A Quick Guide to Snowdrops
Snowdrop is the common name for a group
of plants that botantists call Galanthus (from the Greek
meaning 'Milk Flower'). Consisting of nineteen species, these
delightful bulbs occur naturally from the Pyrenees to Iran and
as far south as Sicily and the Lebanon. Their northern range is
difficult to establish due to introduction and cultivation by
humans; they have been popular for quite a while! In nature, they
flower as early as late autumn through to August. In Britain
flowering occurs from late autumn but generally only through to
march depending on species.
Whilst in the UK, there are records of
snowdrops being grown since the 16th Century, the
explosion of interest in snowdrops, however, didn't begin until the
latter part of the 1900's. This was part of the golden age of
plant hunters and coupled with the increased exploration of the
western end of the Mediterranean following the Crimean War (1853-1857).
How to Grow
Most snowdrops that grown in the UK are from deciduous woodland
or cool, shady places with well drained soils which do not dry out
completely in the summer. So try to plant in places in your garden
that minic that - underneath decidious trees, shrubs or in partial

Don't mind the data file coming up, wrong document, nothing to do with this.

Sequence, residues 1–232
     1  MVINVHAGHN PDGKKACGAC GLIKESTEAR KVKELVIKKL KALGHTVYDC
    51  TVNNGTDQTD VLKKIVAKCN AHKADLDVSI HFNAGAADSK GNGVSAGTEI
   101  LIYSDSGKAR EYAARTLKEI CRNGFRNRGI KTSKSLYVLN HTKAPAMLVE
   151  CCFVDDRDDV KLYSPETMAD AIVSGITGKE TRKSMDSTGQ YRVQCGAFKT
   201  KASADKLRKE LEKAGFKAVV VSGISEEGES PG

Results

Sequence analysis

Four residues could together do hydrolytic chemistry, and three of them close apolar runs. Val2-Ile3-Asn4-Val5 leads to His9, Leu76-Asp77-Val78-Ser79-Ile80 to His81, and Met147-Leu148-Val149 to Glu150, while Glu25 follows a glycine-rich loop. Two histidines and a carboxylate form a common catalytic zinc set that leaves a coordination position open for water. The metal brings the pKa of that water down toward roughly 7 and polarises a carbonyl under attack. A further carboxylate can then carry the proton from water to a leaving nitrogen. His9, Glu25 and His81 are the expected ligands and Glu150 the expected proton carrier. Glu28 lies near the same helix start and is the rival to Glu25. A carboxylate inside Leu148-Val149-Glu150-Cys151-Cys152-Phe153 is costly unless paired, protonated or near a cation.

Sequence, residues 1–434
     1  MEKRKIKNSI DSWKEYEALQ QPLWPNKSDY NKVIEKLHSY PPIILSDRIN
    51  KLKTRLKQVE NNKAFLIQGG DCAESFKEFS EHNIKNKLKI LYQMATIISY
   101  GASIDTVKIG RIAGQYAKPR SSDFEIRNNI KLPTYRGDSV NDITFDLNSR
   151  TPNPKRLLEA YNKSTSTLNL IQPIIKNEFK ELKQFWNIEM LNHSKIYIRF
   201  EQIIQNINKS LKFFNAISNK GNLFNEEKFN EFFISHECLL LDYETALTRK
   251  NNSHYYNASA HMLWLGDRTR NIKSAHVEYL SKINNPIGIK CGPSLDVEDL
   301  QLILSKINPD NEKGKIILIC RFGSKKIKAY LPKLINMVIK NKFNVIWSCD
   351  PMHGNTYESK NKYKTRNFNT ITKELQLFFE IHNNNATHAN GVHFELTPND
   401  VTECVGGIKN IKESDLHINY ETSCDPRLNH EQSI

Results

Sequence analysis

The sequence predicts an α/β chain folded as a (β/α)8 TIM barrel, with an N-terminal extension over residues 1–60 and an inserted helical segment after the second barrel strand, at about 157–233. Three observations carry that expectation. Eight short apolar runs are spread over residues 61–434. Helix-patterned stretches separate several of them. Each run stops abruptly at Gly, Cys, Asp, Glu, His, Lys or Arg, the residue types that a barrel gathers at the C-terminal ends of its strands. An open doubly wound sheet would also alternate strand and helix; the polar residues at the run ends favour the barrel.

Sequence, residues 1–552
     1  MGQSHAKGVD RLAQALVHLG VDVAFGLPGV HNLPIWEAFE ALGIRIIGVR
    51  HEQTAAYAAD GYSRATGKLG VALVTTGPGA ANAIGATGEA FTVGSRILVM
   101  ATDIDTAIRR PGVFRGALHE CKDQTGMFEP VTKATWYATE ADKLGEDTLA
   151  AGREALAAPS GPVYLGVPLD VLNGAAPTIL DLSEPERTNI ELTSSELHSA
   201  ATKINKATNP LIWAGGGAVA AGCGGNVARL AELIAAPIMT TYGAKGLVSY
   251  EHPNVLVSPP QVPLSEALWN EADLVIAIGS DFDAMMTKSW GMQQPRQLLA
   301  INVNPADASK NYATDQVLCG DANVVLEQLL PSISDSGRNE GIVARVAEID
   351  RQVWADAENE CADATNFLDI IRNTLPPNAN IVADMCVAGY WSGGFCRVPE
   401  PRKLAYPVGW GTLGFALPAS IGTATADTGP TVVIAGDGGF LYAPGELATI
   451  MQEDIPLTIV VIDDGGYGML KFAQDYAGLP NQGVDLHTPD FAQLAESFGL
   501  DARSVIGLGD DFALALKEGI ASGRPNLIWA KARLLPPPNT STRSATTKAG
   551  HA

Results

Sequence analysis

shaded spots and avoid very dry or very wet soils. Do not
plant underneath evergreens.
Plant 'in the green' in April/May when bulbs are supplied with
leaves as opposed to dormant bulbs. Simiply replant the bulbs
appoximately three times their height. Only buy dormant
bulbs from reliable suppliers (they are prone to drying out if
stored incorrectly) and plant in autumn.
Snowdrops required very little care once planted other than
being kept weed free when they begin into growth The simplest
solution to this is to mulch with either garden compost or leaf
mould before the bulbs begin growing (despite what you see at Ness
avoid shredded bark). After that avoid the urge to tidy up
leaves and left them alone to their own devices!
Snowdrops at Ness
Here at Ness, we grow over sixty different species and
cultivars. The best represented is the familiar common snowdrop G.
nivalis which can be seen at several locations throughout the
gardens. These came from original plantings by the Garden's
Founder Arthur K. Bulley (although not all in their current
locations) but certainly in the Azalea border running next to the
The Pinewoods and Azalea Walk play host to bigger populations
including robust and larger varieties such as G.'Robin Hood', and
G.'Magnet'. The Rock Garden plays host to smaller populations of
snowdrops such as the delightful doubleGalanthus nivalis'Blewsbury